Becoming the Living Dead Drummer: An Interview with Nick Mason



Growing up, Nick Mason watched Joey Kramer, Lars Ulrich and John Tempesta absolutely shred as the drummers of Aerosmith, Metallica and White/Rob Zombie, respectively. When Mason began playing music in the early 1990s, these bands shaped his approach to song structure and sound.

As the early 2000s came along, Mason found A Perfect Circle’s Josh Freese and learned that not only was he the band’s drummer but he was featured on records for bands such as Evanescence and the Offspring. The same goes for Kenny Aronoff, who has made records and toured with Smashing Pumpkins, John Bon Jovi and Celine Dion. That was how Mason decided that he wanted the same with his drumming career.

Mason would go on to become known as the Living Dead Drummer and work alongside artists such as Street Drum Corps, TUFF, Shania Twain, Corey Feldman and Nik West. He has also made guest appearances on GLEE, MasterChef, Cartoon Network, Showtime, FOX and ABC, and has done corporate work with NIKE and Jameson Irish Whiskey.

With all these credits to his name, it might be a bit of a surprise that with any big decision came some apprehension.

I’m a creature of habit, especially when I find something that works,” he said. “Change can be a little difficult for me, so anything that could disrupt my routine causes me to think twice. While it’s hard to pull the trigger, I almost always do and rarely regret it… I feel that my instincts are also well tuned. I can’t think of any time where I said no to an opportunity and regretted it. If I say no to something I always find out later that I dodged a bullet.”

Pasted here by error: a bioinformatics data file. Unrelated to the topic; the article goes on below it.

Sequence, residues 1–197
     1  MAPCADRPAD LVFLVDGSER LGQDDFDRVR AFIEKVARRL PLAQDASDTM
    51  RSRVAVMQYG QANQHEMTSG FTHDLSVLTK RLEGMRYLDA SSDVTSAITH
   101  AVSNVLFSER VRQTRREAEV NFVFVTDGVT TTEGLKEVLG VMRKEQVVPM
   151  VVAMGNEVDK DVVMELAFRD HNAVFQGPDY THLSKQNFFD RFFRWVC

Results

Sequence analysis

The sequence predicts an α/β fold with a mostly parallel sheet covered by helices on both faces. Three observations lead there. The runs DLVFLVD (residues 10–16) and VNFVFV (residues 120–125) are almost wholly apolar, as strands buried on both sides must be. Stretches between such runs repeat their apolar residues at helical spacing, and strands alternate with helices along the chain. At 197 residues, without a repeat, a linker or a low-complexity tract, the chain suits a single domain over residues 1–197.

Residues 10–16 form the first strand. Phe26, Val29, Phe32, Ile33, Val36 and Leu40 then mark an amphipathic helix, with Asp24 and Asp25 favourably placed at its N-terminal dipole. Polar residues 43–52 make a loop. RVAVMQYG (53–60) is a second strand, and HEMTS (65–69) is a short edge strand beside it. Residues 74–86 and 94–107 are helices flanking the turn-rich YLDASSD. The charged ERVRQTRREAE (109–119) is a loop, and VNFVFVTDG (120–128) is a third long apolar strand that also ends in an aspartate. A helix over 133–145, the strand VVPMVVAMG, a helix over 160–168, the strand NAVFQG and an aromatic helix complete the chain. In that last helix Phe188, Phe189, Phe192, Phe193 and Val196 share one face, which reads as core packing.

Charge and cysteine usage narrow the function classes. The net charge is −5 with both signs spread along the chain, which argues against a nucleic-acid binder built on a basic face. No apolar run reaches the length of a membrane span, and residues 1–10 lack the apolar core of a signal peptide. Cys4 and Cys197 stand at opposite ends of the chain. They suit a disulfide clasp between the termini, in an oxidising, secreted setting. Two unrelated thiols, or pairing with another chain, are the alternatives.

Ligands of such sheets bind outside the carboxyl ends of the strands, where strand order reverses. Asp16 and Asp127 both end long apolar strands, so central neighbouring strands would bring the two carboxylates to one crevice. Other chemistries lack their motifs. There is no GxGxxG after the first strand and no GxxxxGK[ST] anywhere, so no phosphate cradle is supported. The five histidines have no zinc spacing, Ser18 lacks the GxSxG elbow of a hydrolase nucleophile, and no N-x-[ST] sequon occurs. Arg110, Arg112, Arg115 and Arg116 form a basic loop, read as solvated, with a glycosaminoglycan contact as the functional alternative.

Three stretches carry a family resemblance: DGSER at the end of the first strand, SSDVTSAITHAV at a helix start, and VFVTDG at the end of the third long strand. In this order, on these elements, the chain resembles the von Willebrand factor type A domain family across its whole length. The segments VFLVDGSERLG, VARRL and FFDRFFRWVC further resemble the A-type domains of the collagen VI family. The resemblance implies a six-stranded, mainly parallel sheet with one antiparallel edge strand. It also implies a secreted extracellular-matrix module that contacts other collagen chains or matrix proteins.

The same can be said for his teaching career. When he was a teenager, he thought it would be fun to get a job at a music store and applied to one near his home. He was told that they weren’t looking for anyone to work behind the counter but were in need of a drum teacher. He had only been playing for seven or eight years, and didn’t feel confident enough to take the position. Thankfully, this wouldn’t be the last teaching offer.

When he was a freshman in college, he found Grizanti Music and stopped by after class to check it out. He went with the same approach for asking to work behind the counter and was met with the same drum teacher offer. This time, he accepted.

He ended up working the sales floor selling instruments while building up his teaching practice and even crossed over into instrument repair before growing his teaching schedule and expanding into other stores and music schools in surrounding areas. Grizanti Music closed in 2005 and the owner, Mary Grizanti, passed away earlier this spring.

“[Grizanti] set me up with the teaching career I have today,” Mason said. “Because of her I found a passion I never knew I had and have been providing drum lessons for nearly 20 years.” 

Mason is currently the Senior Drum Instructor and Show Director of School of Rock in southern California. He tries to bring as much real-world experience to his lessons as possible and has found a way to tailor each lesson to the students’ playing levels, musical tastes and goals.

“Not everyone wants to be a rock star,” Mason said. “Not everyone is going to put the love and care into his or her instrument, and some are going to go above and beyond expectations. I’ve had to try and gauge that over the years and use it to tailor the lessons to the student. It’s a practice, so I’m always learning and growing from that.” 

Nick Mason not only continues to learn and grow with new experiences but gives equal opportunities to those interested in following his footsteps. As the Living Dead Drummer, his impressive career shows no signs of stopping.